1 13 3. Factors Affecting Energy Intensity A large body of literature addresses the measurement of energy efficiency and energy intensity. 1 In this chapter, we discuss various factors related to measuring changes in energy intensity. As we mentioned earlier, energy analysts typically use energy use per dollar of gross domestic product (GDP) as a measure of energy intensity. In many cases, analysts and policymakers disaggregate energy use to examine energy intensity for each of the four major energy-consuming sectors residential, commercial, industrial, and transportation. These earlier studies have used various measures of energy intensity including indicators of demand, such as energy use per capita for residential buildings, transportation energy use per vehicle mile traveled, and commercial energy use per square foot of office space, among other measures. Sometimes, the choice of energy intensity measure depends on the questions being addressed; other times, it depends on the available data. In this report, we examine changes in energy intensity in each state as a whole as well as changes in energy intensity in the states residential, commercial, industrial, and transportation sectors over the study period. 2 Factors That May Explain Differences Across the States In attempting to better understand the variation in energy intensity changes among states, we identified a number of factors that may explain why some of the 48 contiguous states had different patterns of energy intensity than others. Those factors include: Energy prices Composition of an economic sector s output (e.g., the mix or type of industrial or commercial activities) Capacity utilization 1 See, for example, Schipper (1997); Schipper and Murtishaw (2001); Kydes (1999); EIA (1995); and Dowlatabadi and Oravetz (unpublished). 2 In this report, we use source energy as the unit of measure of energy consumption. Source energy is the amount of energy used in producing energy (e.g., electricity) and transporting it to the end-use destination (e.g., a consumer s home). By comparison, site energy is the amount of energy used at the end site (e.g., electricity used to run home appliances).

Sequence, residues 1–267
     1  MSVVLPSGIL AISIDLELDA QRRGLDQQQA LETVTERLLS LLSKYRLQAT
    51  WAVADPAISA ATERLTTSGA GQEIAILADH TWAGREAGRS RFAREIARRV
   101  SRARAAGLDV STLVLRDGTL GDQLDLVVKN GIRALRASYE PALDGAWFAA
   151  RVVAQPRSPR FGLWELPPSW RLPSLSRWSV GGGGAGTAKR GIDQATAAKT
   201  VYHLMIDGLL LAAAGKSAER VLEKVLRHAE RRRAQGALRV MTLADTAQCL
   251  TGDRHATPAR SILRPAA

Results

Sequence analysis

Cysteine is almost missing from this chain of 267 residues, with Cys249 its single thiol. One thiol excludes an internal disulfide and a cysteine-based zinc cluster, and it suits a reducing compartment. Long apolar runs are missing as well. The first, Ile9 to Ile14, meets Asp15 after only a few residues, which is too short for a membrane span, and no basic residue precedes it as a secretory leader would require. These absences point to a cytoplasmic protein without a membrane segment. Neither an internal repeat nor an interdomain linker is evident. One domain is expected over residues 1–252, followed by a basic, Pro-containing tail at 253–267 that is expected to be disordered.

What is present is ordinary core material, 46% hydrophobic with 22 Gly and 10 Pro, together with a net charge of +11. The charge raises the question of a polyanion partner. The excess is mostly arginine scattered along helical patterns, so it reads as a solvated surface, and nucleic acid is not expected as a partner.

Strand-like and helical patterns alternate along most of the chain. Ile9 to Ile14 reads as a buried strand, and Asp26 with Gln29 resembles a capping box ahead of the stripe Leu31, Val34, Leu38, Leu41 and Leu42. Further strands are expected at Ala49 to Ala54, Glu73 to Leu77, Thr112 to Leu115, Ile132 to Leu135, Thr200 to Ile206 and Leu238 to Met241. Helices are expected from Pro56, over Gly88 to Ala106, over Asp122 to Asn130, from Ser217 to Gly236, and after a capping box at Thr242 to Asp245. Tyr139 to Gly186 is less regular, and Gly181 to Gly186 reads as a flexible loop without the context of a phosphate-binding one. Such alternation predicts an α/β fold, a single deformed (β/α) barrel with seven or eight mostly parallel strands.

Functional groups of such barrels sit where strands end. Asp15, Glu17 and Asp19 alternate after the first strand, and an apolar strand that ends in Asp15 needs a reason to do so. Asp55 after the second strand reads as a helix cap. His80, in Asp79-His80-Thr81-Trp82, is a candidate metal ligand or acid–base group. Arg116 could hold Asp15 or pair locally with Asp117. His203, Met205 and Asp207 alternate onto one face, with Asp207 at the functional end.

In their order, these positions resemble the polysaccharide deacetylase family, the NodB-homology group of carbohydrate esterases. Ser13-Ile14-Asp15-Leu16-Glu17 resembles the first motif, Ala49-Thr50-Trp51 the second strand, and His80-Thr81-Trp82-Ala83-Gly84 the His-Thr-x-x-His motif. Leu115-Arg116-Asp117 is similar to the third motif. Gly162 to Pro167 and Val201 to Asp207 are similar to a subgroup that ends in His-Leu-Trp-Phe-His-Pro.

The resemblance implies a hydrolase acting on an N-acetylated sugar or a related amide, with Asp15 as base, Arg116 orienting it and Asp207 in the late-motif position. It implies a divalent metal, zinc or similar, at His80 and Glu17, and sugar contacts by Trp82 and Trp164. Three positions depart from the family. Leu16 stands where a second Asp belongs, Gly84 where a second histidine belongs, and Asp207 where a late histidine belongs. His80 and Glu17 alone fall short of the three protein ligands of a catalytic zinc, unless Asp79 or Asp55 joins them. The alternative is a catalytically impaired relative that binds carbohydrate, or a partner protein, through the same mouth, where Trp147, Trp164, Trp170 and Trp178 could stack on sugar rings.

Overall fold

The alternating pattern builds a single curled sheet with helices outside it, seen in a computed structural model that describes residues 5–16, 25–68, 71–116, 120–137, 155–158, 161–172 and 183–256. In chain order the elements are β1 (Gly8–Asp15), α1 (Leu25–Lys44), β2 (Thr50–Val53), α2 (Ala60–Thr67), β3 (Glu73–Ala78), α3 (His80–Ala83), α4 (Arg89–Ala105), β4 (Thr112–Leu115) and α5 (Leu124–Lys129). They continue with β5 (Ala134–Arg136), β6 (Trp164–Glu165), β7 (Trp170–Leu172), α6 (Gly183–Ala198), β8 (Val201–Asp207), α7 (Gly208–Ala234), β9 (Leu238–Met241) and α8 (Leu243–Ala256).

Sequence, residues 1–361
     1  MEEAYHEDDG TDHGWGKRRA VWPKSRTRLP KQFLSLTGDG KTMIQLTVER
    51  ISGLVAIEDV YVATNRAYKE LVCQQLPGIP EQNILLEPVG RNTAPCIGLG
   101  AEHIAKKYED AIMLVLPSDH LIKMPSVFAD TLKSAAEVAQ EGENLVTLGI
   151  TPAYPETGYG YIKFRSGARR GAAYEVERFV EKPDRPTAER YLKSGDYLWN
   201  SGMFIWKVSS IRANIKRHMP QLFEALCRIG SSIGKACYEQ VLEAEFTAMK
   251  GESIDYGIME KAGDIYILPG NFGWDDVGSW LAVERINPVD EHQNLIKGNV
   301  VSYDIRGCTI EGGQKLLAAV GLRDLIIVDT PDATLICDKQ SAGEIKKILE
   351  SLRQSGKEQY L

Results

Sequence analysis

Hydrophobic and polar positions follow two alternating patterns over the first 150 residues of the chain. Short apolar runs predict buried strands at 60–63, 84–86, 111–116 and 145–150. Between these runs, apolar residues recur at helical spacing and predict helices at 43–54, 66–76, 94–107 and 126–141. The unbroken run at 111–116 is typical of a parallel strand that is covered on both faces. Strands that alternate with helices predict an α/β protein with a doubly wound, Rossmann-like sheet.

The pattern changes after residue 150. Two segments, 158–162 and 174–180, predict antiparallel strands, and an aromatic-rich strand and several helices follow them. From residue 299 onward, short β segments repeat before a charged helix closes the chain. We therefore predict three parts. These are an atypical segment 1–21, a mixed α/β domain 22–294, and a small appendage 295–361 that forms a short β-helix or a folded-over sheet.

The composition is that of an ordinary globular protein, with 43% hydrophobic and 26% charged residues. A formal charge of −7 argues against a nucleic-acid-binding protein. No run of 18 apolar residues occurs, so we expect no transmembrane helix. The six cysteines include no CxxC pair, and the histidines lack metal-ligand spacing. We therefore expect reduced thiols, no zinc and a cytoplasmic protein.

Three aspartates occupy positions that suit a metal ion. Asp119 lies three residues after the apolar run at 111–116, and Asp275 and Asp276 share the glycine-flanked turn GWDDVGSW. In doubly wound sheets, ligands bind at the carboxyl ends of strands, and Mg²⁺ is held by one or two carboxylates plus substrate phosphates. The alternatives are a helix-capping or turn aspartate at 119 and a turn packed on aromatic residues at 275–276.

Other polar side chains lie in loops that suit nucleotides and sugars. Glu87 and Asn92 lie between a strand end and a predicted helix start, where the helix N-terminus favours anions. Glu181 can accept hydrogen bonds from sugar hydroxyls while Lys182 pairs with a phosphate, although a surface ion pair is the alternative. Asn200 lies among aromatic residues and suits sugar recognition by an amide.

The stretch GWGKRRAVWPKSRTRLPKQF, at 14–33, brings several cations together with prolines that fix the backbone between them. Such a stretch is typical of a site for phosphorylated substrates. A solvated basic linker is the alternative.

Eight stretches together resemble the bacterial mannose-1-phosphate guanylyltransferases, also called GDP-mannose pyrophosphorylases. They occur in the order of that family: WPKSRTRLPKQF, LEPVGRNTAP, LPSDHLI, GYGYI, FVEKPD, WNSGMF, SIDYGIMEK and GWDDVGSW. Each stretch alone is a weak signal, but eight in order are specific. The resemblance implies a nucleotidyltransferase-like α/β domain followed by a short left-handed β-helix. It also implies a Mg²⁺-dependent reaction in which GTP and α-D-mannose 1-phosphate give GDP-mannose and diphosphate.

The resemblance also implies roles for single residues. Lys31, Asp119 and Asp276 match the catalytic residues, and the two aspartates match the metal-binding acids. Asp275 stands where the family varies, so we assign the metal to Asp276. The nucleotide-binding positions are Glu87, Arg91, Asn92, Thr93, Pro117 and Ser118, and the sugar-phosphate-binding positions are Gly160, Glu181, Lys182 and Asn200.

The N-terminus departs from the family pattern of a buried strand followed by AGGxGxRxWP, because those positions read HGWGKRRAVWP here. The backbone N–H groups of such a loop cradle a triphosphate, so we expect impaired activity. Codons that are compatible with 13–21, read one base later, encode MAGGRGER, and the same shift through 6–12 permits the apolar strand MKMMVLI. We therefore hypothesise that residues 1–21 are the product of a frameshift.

2 14 Capital investment and new construction Population and demographics Climate Technological innovation Energy policies and actions of national, state, and local governments. Price has been a major influence on energy use, and therefore energy intensity, and the price of energy can differ significantly from state to state. In particular, electricity prices differ considerably due to the energy requirements of fixed capital (e.g., commercial buildings), the types of technologies in use, fuel availability, the ability to move electricity across large areas (prior to recent innovations in electricity markets), and regulatory requirements. In 1999, the highest average electricity price among the states was three times greater than the average lowest price. Fuels vary in price primarily due to transportation costs and constraints. Over the entire period of our analysis ( ), the price of energy fluctuated; however, over the subperiod , prices did not vary much from year to year, and the real cost of many energy sources actually declined over this period. The composition of an economic sector s output is an important determinant of energy intensity. Economic output factors include, for example, the mix or type of industrial or commercial activities. These activities, in turn, drive the demand for energy. For example, states with heavy manufacturing as a large percentage of their industrial sector would have a different energy intensity trend than states in which the amount of heavy manufacturing is shrinking. The structure of a state s economy and the differences among states in the composition of their economic output are key to understanding shifts in energy intensity. We discuss those differences later in this report. Production capacity can also affect energy intensity. Manufacturing facilities running at 50 percent capacity may have higher energy intensities than facilities running at 100 percent capacity because fewer gross dollars are earned for each dollar of energy used to keep those facilities operating. Some fixed energy costs occur regardless of how much use a facility gets, and these costs decline with use as a proportion of total energy costs (although for older facilities, energy intensity may increase as utilization of the facility approaches 100 percent). Capital investment and new construction can also impact energy intensity. States with more-rapid growth in new capital investments or new construction may experience declining energy intensity because new building structures and